This is the beach where my grandparents lived – where I spent every school holiday for years – summer, autumn and winter. It is where my mother taught me to open oysters.
We’d walk along the beach to the rocks on the point and sit there just above the waterline, feet dangling in the water, little tiny shells prickling bare skin. She’d pry them off the rocks, open them up, take the oyster from the shell, rinse it in the salty water of the bay tilt her head back and down it went. I was fascinated and finally I accepted her offer to try one.
I was revolted. I was four or five years old.
Later the beach house was sold. It was a very sad, complex time for me being severed from childhood connections.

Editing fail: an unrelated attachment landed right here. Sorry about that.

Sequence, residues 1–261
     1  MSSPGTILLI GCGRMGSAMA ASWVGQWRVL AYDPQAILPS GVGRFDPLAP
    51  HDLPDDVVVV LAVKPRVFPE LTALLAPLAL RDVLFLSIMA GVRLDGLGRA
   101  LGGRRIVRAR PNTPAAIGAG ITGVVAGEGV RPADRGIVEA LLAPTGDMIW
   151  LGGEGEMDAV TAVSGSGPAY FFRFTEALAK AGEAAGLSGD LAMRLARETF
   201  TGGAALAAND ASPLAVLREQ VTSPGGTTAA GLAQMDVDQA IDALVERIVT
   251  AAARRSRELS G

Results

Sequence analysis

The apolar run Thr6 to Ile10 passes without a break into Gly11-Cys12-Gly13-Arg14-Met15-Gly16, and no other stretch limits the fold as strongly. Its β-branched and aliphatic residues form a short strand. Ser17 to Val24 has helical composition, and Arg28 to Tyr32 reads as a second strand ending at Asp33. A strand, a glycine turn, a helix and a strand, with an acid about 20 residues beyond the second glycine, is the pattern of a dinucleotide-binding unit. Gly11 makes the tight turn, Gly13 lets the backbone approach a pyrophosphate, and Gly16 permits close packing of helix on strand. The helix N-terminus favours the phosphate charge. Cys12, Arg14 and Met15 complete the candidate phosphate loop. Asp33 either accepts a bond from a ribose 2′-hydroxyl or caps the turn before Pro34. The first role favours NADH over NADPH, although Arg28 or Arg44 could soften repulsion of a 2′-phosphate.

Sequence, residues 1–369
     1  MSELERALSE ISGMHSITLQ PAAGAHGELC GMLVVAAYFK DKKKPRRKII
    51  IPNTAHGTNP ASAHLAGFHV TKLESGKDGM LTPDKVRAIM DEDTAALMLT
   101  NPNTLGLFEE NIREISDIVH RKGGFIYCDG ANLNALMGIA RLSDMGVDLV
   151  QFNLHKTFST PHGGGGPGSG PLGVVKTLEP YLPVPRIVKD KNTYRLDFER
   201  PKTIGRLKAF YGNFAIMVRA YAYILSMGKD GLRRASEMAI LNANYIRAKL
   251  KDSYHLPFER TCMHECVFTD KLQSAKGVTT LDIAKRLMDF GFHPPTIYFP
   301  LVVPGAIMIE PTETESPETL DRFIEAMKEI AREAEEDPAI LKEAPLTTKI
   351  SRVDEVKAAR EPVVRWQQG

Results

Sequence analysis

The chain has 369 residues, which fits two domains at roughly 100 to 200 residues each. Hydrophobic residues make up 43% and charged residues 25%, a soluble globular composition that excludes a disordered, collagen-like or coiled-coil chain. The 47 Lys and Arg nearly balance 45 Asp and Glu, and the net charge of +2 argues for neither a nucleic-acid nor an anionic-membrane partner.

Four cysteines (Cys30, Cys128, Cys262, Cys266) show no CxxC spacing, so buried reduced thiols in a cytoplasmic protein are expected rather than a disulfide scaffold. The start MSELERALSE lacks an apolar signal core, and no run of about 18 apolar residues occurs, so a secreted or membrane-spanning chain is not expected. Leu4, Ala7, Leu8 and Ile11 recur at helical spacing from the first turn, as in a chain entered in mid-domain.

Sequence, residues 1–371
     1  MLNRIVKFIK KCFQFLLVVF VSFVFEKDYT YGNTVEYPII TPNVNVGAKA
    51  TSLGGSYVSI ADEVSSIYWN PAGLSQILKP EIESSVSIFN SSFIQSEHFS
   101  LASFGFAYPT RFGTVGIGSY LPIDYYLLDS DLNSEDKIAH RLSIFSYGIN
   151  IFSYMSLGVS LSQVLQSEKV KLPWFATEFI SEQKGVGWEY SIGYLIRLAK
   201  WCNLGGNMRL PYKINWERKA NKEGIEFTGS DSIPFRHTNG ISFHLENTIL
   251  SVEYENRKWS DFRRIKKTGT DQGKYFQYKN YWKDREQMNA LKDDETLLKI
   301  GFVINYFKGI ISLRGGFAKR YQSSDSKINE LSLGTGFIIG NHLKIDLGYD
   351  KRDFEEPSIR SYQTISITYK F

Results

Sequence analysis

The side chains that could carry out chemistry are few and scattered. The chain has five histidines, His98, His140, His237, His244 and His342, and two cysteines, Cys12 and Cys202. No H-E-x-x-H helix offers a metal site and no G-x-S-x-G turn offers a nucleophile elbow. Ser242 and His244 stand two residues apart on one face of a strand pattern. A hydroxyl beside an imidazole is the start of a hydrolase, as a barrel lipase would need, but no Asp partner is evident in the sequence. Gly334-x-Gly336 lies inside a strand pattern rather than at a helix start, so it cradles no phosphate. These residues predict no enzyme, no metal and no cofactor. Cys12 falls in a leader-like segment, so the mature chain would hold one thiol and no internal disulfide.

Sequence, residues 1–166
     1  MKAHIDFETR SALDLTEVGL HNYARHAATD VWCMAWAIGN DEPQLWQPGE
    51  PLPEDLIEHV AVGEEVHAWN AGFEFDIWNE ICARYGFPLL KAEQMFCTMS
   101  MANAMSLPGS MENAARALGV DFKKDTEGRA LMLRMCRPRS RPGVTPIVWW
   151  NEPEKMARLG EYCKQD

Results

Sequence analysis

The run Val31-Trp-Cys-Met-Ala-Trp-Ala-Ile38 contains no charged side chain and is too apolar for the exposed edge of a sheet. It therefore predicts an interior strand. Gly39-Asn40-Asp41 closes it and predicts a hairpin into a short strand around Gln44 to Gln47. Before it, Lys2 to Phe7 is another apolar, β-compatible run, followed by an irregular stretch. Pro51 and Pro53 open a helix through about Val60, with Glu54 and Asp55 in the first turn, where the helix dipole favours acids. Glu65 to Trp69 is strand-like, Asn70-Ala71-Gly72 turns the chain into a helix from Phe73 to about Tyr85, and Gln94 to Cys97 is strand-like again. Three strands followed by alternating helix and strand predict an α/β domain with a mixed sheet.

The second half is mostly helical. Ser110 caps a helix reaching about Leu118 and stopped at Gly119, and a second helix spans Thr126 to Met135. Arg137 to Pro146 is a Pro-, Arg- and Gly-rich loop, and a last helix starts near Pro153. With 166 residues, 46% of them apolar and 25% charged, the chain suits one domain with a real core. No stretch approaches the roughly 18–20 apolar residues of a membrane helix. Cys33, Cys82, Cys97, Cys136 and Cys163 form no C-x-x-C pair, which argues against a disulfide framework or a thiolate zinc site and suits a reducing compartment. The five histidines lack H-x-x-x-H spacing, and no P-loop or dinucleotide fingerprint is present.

Eventually I tried oysters again, only we had to pay for them now. They were beautiful, I’d learnt not to chew just to swallow without gagging. And so I became and adult and oysters au naturel was my entree of choice for a long long time.
One evening my lips started tingling, a little at first but it quickly got worse. My throat was closing up and that, too, got worse. I was very, very frightened. It turned out to be an adult onset allergy to oysters and shellfish and I now have to carry an epipen.
But I also carry with me the taste and feel of those Port Stephens oysters as they slid so smoothly down. I can smell the beach and feel the warm sun on my skin as in my mind I watch my mother shuck the oysters and delight in their bliss.
How about you? Can you eat oysters? Do you have delightful memories of things which you can no longer indulge in? Places from your childhood?